Seasons in the cemetery

DSC_0246.resizedThe last couple of weeks have been so different. The weather is warmer, and the sun higher, and the birds are singing, there are flowers in the beds and there is blossom on the trees.

It feels lovely. I watched a brimstone fly past and mused on how good the turning of the year feels, the passing of seasons, the cycle of growth and decay, the renewing and refreshing of nature. Those muddy tyre ruts are already scarcely visible. Nature erases the past. And that’s just great!

But read the stones and you see how determined we are to stop the clock. Forever, always, everlasting, never, eternal. In grief we reach for absolutes and defy the years.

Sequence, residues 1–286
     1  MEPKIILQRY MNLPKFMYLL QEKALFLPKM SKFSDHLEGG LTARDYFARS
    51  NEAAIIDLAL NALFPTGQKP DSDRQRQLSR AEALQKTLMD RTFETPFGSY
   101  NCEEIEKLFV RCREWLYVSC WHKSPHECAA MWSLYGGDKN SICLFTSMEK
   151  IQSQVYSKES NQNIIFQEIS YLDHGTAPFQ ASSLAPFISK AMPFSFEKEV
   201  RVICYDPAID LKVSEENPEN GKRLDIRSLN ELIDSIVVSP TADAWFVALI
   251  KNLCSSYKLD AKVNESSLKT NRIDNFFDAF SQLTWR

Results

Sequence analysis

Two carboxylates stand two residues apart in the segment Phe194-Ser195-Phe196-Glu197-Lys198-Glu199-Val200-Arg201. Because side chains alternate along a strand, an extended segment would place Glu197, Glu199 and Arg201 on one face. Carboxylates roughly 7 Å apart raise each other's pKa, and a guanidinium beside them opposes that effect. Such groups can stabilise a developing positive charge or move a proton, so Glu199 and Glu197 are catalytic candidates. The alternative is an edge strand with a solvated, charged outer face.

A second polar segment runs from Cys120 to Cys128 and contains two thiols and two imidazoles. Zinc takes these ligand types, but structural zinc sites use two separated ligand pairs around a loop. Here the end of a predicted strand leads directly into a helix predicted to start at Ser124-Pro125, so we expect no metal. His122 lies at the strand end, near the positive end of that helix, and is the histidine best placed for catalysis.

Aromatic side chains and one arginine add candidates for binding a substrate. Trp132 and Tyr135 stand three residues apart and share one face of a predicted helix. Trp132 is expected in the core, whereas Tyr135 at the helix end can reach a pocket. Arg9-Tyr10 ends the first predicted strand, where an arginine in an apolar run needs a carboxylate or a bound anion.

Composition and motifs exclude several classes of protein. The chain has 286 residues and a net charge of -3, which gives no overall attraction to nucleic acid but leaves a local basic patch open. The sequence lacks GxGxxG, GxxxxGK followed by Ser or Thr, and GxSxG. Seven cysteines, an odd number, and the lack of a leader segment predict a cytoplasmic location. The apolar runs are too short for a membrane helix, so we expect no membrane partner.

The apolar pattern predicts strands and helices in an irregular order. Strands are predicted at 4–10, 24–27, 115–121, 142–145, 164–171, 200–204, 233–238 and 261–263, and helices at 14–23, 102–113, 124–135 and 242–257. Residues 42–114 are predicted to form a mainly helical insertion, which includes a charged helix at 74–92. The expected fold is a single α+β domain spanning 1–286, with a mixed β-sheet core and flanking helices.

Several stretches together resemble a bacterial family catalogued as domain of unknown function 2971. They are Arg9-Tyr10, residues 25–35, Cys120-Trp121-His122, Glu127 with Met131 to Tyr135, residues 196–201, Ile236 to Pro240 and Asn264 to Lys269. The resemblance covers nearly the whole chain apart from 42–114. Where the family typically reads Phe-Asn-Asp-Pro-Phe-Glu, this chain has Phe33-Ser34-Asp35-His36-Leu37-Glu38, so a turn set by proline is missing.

DSC_0251.resizedI get the impression that the older graves are more restrained with their language. They speak of sadness and memory, but are less assertive about never forgetting and always remembering.

Or perhaps the impression is just because the older stones are harder to read, thanks to moss and fading letters. Their messages are muted by the same force that pushes daffodils into the light and turns pansies and primulas to the sun.

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One thought on “Seasons in the cemetery

  1. ianmac55

    I like your observations. I think the Victorians, despite the reputation we have given them, often had very pertinent tombstones – perhaps because they were used to death from and at an early age. A common epitaph, to remind us of our mortality, is “In the midst of life, we are in death.”

    Reply

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